What's that bare spot under the Christmas tree? It's a silent salute to the toys we've lost to regulations and lawsuits over the years—toys that delighted many and maimed a few.
Toys like the bizarre Cabbage Patch Snacktime Kid that, one wag noted, always seemed to be high. That's because the '90s doll was built to "eat" whatever you could fit into its soft rubber mouth, which served as a portal to some kind of internal turbine that—significantly—did not come with an "off" switch. While you could deliberately feed it everything from a plastic french fry to a stick of chalk, it had the doll equivalent of an eating disorder, obsessively consuming anything that got caught in its maw—including some little girls' hair.
And so, reported the Associated Press on December 30, 1996, "three-year-old Carly Mize was left partly bald on Thursday…" That was the end of that particular item from Mattel.
The toy world is littered with bad ideas, including the classic Gilbert U-238 Atomic Energy Lab, released in 1950. The set included an electroscope to measure the radioactivity of the samples provided, but a warning stated that "users should not take ore samples out of their jars." You might expect a toy bringing literal radioactivity into the home would sell like (extreeeeeemely) hotcakes, but this one fizzled in the marketplace.
Gilbert continued to sell its non-nuclear chemistry sets until the company's demise in 1967. It's just as well the great inventor A.C. Gilbert did not live to see our current era's chem sets, dumbed down by forces like the Federal Hazardous Substances Labeling Act of 1960, the Toy Safety Act of 1969, the Toxic Substances Control Act of 1976, and the ministrations of the Consumer Product Safety Commission (CPSC), founded in 1972. Those efforts don't just keep genuinely hazardous substances out of the hands of budding chemists. After a while, "You couldn't really make anything," says consultant Chris Byrne (a.k.a. The Toy Guy). "You couldn't get black powder anymore. You didn't get any of the cool stuff. It's all baking soda."
Byrne fondly remembers the Creepy Crawlers of his youth. With this toy, kids squirted plastic goop into flat metal molds of insect shapes, then heated them in the macho equivalent of an E-Z Bake Oven. Users were expected to remove the red-hot tray from the heat with tongs and submerge it in water to cool. "A hot Creepy Crawler plate was a good way to torment your brother," Byrne recalls. Today, with some persistence, you can still find Creepy Crawler sets for sale, but as one reviewer noted, these seem "redesigned by lawyers." Let's just say that no tongs or cooling baths are required anymore.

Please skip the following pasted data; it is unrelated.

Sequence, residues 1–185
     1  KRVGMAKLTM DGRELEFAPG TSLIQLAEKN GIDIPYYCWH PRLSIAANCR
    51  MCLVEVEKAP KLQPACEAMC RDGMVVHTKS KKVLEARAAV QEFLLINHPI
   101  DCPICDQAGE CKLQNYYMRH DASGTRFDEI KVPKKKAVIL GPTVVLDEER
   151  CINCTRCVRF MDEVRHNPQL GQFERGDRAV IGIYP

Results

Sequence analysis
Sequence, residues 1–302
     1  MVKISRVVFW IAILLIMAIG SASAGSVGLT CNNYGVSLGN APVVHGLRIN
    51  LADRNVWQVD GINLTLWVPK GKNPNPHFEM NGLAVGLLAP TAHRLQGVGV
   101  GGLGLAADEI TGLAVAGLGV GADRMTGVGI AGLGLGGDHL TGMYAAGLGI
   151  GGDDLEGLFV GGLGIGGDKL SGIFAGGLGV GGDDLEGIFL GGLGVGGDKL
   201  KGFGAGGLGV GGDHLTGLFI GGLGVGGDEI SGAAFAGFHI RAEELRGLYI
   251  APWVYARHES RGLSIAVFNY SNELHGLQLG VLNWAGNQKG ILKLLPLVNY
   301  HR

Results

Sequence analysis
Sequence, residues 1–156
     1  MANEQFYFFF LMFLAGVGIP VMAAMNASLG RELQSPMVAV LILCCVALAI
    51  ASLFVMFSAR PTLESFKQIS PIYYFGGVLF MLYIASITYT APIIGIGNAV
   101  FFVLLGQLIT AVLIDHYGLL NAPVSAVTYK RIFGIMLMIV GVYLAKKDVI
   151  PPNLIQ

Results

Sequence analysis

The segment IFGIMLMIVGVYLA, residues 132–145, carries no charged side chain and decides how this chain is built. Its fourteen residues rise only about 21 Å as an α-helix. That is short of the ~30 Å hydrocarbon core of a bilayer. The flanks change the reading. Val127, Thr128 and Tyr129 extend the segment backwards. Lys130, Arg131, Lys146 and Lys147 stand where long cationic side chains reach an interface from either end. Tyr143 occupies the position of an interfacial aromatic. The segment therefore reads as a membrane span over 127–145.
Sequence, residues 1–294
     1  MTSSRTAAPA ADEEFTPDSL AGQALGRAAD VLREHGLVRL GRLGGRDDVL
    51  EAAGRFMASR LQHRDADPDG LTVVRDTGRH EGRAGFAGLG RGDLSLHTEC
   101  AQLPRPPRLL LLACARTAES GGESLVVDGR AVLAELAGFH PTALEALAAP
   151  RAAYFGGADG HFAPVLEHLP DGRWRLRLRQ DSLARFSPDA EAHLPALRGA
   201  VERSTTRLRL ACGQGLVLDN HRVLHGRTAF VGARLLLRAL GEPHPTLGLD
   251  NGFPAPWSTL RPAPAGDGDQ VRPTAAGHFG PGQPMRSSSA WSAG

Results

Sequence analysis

The '90s brought youngsters a toy called the Sky Dancer, a plastic fairy with spinning wings. You attached the doll to a base, pulled a ripcord, and off she flew—erratically and fast. It took six years for the CPSC to ground the dancers, which it did in 2000, saying the manufacturer had received 150 reports of injuries, including scratched corneas, facial lacerations, and a broken rib. That might seem dangerous, but this was a recall of 9 million dolls. Is your child's bike as safe?
The odds were admittedly worse for kids playing with perhaps the best known of all banned toys: Jarts. These sharp metal "lawn darts" were designed to whiz through the air and sink into anything soft, such as your grass, or pet, or foot. After the CSPC compiled a list of 6,100 injuries and one fatality, it banned them the week before Christmas in 1988.
It's hard to complain about that particular decision. But today's toys are so risk-averse—and politically correct—it's almost embarrassing. There was Spanish Barbie in a matador costume, which Mattel stopped selling after an activist campaign noted matadors kill bulls. Joining Barbie were 19 million plastic "dive sticks"—cigar-size weighted sticks that stand upright at the bottom of the pool—recalled after six "impalement injuries." And 300,000 Colorful Hearts Teddy Build-a-Bears were yanked off the market because they were covered in "substandard fabric" which could rip, and if it did, the bear's eyes could fall out, and these, in turn, could pose a choking hazard. That's a lot of coulds, especially considering the Consumer Product Safety Commission notes on its website that it had heard no reports of injuries.
With so many playthings gone, Joan Siff and James Swartz, a duo of personal injury lawyers who produce the annual "10 Worst Toys" list, now have to scrape the bottom of the class-action barrel to find contenders. Last year's inventory included a stuffed animal. It could, they said, suffocate a child.
The lawyers—who call themselves World Against Toys Causing Harm, or W.A.T.C.H.—also warned about a dinosaur toy with a "rigid, pointed tail, which may be held close to a child's torso or face. There exists a potential for significant puncture wounds during encouraged playtime activity." Puncture wounds is, of course, litigator-speak for You could poke somebody's eye out!
Sticks and balls of string remain unregulated. Maybe we can put those under the Christmas tree.
This article originally appeared in print under the headline "The Dangerous Toys of Christmas Past".